Thread: What are Linear approximations used for

1. Originally Posted by ThePerfectHacker
What JakeD said about the MVT is exactly what I meant when inequalities are used non-stop in number theory. However, when in physics we drop a term because we assume it does not exist (since it is almost zero) we need to consider in math, which is what the error terms accomplish.
(Evil laugh) However in the 50's in Quantum Field Theory terms in the perturbation expansion were sometimes ignored because they were infinite...

I seem to recall a number of topological proofs (based on the series definition of continuity) that depend upon dropping small terms as well.

And aren't affine spaces based on linear approximations? I'm not sure about this one because I don't have much experience with affine spaces. Something about them being a "flat" approximation to a curved space.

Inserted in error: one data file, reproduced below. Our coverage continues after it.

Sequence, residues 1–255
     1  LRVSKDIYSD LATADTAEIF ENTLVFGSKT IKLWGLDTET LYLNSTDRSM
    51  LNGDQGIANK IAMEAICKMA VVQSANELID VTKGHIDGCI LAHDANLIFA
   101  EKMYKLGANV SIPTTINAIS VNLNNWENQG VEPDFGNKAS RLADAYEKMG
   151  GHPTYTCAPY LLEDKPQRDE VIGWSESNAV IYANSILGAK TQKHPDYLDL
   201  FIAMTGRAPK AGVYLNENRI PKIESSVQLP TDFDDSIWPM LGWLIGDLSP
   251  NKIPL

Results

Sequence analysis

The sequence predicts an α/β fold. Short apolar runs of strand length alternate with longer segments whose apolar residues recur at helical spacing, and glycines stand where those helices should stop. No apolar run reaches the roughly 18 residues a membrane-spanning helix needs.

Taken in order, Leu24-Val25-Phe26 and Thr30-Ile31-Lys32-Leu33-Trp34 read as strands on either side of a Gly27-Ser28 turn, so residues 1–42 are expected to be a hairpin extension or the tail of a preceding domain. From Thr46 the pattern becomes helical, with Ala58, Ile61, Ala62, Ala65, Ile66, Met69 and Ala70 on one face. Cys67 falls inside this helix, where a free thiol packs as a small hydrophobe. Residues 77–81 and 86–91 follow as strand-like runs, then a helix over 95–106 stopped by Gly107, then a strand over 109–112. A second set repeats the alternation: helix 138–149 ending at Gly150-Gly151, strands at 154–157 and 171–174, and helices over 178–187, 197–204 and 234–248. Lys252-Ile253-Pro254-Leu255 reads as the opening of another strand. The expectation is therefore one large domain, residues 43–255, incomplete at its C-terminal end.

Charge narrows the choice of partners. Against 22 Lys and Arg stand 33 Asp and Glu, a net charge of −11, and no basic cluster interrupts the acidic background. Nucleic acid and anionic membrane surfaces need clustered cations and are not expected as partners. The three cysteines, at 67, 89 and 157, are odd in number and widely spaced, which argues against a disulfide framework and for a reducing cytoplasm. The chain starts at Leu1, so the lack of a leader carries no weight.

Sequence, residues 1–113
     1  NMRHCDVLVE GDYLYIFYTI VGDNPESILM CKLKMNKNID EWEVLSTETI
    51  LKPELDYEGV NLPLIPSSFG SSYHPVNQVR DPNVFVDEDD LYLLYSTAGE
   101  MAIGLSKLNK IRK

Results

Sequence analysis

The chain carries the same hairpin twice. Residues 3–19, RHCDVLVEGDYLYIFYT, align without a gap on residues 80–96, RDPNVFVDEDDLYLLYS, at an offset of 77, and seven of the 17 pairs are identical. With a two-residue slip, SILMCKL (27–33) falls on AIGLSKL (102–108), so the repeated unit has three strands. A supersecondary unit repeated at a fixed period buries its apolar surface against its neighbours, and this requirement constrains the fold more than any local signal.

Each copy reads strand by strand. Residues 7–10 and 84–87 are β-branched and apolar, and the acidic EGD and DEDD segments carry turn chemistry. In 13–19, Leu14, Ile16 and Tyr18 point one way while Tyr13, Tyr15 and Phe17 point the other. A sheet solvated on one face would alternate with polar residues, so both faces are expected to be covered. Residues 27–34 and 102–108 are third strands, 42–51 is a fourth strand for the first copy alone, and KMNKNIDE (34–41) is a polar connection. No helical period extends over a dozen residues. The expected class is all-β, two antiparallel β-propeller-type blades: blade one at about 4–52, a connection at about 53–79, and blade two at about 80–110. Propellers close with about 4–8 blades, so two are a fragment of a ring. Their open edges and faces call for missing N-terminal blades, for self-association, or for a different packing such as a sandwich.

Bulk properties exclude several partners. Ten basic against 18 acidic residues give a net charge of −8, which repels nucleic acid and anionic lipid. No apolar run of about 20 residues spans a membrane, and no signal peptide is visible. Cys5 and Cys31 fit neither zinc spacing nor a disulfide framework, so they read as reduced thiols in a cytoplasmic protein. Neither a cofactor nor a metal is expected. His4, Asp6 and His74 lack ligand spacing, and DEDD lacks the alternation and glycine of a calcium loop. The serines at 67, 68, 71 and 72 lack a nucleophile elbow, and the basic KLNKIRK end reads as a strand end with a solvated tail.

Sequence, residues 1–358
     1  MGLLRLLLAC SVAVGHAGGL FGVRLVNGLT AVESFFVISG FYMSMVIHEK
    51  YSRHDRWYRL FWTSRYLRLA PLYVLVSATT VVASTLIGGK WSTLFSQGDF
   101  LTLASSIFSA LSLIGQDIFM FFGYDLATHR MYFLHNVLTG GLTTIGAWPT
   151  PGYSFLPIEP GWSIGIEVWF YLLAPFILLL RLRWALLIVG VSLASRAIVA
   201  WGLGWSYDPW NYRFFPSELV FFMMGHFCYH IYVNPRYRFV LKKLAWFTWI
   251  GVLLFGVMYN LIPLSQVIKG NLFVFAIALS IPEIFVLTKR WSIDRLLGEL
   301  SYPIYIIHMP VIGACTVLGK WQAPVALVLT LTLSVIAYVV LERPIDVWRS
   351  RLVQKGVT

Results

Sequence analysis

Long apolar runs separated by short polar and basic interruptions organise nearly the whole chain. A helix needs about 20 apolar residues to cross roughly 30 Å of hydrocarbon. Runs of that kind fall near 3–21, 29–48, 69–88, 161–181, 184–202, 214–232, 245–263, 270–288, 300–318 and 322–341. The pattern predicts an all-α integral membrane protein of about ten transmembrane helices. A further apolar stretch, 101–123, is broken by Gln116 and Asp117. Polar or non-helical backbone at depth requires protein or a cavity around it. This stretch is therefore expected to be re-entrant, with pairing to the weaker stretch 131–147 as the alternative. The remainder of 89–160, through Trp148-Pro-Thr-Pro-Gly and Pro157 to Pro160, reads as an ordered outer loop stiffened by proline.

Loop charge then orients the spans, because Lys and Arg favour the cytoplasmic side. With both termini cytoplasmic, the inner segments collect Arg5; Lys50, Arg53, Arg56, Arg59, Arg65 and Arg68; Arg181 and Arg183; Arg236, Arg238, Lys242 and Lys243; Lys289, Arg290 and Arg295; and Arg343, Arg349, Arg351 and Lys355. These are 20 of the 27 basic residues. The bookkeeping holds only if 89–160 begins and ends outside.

-Dan

2. Originally Posted by topsquark

I seem to recall a number of topological proofs (based on the series definition of continuity) that depend upon dropping small terms as well.
I do not know topology (noob ) but I am sure if those "drop of terms" is proved. So it is okay.

Here is what I am reffering to when I say approximation,
It is known that a swinging pendulum satisfies (am I right?):
sin y+y'=f(t)
What physcisits do is approximate the solution for small t that is sin t=t then,
y'+y=f(t)
This is a linear differencial equation and it becomes simpler.
However, a mathematicians would not be satisfied with such an approach because it is not exact that t=sin t
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To add I think there is something called "linearizing" in applied math to simplify the functions but mathematicians do not deal with such problems. Even more they are useless.

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